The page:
Marx was wrong. Religion is not the opiate of the people. Opium suggests something soporific, numbing, dulling. Too often religion has been an aphrodisiac for horror, a Benzedrine for bestiality. At its best it has lifted spirits and raised spires. At its worst it has turned entire civilizations into cemeteries.
— Phillip Adams, Adams vs. God
Phillip Adams is an Australian broadcaster on the Radio National network of the Australian Broadcasting Corporation (ABC), filmmaker, author, archaeologist, controversialist, Humanist, social commentator and satirist. He is the author of over 20 books that have sold over a million copies, including The Unspeakable Adams, Adams Versus God, The Penguin Book of Australian Jokes, Retreat from Tolerance, Talkback and A Billion Voices and Adams Ark.
Born in Maryborough, Victoria, the son and only child of a Congregational Church minister, he is a self-confessed atheist who sometimes talks about spiritual matters in his interviews. Phillip Adams lives on Elmswood, a cattle property specialising in the production of chemical-free beef, in the Hunter Valley of New South Wales. He is a collector of rare antiques, including Egyptian, Roman and Greek sculptures and artifacts.
An Australian social icon (he is one of the Australian Living Treasures) who could also be described as an iconoclast, and a left-wing radical thinker. For almost 40 years, Adams’ columns in major newspapers and magazines have provoked discussion and outrage. He is in demand as a speaker, chairman and moderator at public and private sector conferences. In his speaking engagements, broadcasts and writing, Phillip attempts to tackle serious issues in the 21st century using wit, humour and provocative opinions to challenge thought and stimulate debate.
Adams played a crucial role in breathing life back into the Australian film industry during the 1970s. The title developed from his authorship of a report that led Prime Minister John Gorton to revive the local film industry. In conjunction to this was his role, with Barry Jones, in creating the Experimental Film Fund and his strong support for the Australian Film and Television School. Additionally he devised the South Australian Film Corporation for Premier Don Dunstan, which became a model for similar bodies in all other States.
In the early 1970s Adams produced or co-produced several features which are now seen as important stepping stones in the revival of the local feature film industry, including the critically-panned but hugely popular film adaptation of Barry Humphries’ The Adventures of Barry McKenzie, directed by Bruce Beresford, which became the most successful Australian film ever made up to that time. In 1979 a painting of Phillip Adams by artist Wes Walters won the Archibald Prize, Australia’s most famous portraiture prize.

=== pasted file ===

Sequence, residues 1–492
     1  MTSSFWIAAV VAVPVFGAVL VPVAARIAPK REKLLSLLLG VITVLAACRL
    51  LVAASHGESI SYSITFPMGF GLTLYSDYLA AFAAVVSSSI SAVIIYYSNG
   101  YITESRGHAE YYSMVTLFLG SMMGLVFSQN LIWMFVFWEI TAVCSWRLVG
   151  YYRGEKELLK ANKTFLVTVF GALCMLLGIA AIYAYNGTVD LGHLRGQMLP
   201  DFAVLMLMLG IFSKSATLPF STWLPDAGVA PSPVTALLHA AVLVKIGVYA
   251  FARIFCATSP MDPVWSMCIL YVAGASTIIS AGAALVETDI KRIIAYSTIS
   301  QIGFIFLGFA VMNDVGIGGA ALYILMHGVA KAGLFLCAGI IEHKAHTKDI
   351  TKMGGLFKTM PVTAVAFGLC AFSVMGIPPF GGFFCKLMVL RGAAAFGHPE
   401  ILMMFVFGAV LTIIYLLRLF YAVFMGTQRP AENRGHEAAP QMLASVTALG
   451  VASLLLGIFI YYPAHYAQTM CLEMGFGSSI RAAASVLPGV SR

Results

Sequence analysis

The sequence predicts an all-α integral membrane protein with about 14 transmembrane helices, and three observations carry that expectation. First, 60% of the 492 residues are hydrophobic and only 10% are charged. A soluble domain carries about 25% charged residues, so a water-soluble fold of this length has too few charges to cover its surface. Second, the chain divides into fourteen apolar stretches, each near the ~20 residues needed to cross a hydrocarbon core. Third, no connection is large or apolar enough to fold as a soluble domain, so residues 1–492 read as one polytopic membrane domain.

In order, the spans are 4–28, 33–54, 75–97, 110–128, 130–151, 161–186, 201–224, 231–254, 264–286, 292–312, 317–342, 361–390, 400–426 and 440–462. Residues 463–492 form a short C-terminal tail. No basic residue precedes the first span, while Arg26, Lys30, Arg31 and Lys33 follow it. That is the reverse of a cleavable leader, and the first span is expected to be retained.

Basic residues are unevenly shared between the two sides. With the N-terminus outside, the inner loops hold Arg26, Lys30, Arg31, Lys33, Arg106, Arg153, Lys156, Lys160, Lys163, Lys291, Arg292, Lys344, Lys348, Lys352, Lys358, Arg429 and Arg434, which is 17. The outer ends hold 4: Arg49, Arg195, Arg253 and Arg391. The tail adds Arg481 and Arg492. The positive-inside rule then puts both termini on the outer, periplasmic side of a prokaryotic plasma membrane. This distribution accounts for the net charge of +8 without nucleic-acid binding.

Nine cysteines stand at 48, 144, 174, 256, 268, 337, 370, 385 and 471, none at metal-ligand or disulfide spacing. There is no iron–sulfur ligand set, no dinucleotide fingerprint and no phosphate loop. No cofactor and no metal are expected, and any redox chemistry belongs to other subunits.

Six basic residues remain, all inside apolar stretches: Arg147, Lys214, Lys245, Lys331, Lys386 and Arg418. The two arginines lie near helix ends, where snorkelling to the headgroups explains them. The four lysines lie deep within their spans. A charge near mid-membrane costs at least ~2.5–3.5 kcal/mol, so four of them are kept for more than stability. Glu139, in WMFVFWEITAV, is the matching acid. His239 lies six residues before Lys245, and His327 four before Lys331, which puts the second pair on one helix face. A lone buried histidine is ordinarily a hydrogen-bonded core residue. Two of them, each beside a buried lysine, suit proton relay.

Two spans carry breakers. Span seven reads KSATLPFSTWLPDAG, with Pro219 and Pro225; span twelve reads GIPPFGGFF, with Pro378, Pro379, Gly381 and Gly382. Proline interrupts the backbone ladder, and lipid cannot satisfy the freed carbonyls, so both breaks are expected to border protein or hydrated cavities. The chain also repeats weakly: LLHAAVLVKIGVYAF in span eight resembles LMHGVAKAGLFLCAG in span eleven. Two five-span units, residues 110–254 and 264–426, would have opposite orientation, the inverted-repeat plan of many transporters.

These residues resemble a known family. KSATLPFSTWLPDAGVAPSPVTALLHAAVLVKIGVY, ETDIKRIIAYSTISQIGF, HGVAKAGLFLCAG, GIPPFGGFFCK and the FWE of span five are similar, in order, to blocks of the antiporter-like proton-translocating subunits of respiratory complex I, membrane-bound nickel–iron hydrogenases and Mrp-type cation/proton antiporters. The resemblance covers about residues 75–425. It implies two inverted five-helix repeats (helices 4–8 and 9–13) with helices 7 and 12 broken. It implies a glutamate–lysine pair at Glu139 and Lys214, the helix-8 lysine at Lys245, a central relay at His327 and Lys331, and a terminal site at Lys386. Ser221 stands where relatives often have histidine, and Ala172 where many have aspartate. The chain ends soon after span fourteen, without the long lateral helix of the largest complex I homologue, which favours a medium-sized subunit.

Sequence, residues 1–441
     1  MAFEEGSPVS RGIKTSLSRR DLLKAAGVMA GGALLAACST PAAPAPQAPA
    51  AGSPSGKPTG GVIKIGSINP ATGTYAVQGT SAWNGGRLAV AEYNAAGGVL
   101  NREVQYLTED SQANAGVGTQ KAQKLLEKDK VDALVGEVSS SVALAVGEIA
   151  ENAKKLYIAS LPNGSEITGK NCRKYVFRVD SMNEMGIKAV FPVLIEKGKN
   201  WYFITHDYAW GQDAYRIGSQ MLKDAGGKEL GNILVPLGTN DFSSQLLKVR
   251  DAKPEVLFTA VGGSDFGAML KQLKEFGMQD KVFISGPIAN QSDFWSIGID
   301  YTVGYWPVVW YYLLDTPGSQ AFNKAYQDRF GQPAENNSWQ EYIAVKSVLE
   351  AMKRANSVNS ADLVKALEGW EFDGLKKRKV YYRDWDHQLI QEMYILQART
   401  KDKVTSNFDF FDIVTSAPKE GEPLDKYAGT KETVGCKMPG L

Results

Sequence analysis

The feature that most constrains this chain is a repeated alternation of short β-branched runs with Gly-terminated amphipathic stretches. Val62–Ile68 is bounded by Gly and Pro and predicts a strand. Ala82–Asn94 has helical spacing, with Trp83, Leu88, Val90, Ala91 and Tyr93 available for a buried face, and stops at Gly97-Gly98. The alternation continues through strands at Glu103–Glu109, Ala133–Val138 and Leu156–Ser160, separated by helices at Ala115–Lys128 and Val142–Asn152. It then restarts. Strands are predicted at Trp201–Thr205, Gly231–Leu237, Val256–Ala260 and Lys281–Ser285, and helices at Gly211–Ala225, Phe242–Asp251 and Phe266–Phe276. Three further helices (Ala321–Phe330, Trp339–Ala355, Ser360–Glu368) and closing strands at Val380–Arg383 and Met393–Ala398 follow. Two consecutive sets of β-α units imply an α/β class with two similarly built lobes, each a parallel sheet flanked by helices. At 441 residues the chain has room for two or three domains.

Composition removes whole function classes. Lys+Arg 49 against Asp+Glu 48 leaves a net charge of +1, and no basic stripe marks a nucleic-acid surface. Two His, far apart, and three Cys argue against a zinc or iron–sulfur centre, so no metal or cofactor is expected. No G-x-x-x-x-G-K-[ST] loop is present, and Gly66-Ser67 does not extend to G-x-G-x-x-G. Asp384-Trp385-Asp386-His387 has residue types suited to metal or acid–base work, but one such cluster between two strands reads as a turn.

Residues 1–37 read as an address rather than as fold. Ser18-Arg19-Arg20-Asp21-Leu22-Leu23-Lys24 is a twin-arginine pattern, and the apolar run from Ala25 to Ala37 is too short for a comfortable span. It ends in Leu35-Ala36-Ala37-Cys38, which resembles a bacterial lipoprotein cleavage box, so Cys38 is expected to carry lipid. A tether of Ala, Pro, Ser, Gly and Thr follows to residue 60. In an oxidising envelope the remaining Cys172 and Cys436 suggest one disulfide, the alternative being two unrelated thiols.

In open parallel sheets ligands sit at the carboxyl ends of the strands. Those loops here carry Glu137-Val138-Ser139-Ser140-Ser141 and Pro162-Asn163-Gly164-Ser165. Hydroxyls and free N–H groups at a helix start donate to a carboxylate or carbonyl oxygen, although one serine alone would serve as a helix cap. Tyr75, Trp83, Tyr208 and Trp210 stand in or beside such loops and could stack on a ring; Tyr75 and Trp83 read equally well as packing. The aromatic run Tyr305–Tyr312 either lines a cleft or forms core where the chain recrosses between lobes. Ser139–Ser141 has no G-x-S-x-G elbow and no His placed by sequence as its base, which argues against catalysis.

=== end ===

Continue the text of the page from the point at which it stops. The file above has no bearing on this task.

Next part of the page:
As a consultant to prime ministers and premiers, Adams played a key role in the establishment of the Australia Council, the Australian Film Development Corporation, the Australian Film Commission, and the Australian Film Finance Corporation. Adams has been Chair of the Australian Film Institute, the Australian Film Commission, the Commission for the Future, the Film Radio and Television Board, Film Australia and the National Australian Day Council. He is Chairman of the Centre for the Mind at the University of Sydney and the Australian National University in Canberra. His board memberships have included Greenpeace, CARE Australia, The National Museum of Australia, Adelaide’s Festival of Ideas and Brisbane’s Ideas at the Powerhouse.
As a broadcaster, Adams has interviewed over 15,000 prominent politicians, philosophers, economists, scientists, theologians, historians, archaeologists, novelists and scholars. His radio program, Late Night Live is broadcast twice a day over the 250-station network of ABC’s Radio National and around the world on Radio Australia and the World Wide Web. The program attempts a serious discussion of world issues, often with a humorous and satirical bent. Adams addresses all listeners to the program as “Gladys”. (This is Adams’ half-humorous and half-serious way of saying that his program is not popular, and for a single listener; but neither is the case as he also refers to listeners in the plural as “Gladdies”, a fusion of the word glad and an allusion to the Gladiolus flowers used as a prop by Dame Edna Everage, a character created by his film colleague Barry Humphries.)
Although Adams came from a business background in advertising, his politics are unmistakably progressive and he attracts further controversy because of his openly atheist and humanist worldview. Because of his views, presented in a genial, articulate and persuasive style and because of his prominent position in the Australian media, Adams has for many years been the target of consistent criticism by the political right in Australia, especially over his role as a presenter at the ABC. The “anti-Adams” campaign reached a crescendo under the controversial regime of former ABC managing director Jonathan Shier, a strong supporter of the Liberal Party who was known to have a strong dislike of both Adams and his politics.
Many conservatives — including former federal Communcations Minster Richard Alston — have repeatedly attacked Adams as a prime example of supposed endemic left-wing bias in the ABC. There have been consistent calls for the ABC to give equivalent broadcast time to a politically more conservative commentator (often referred to as a “right-wing Philip Adams”).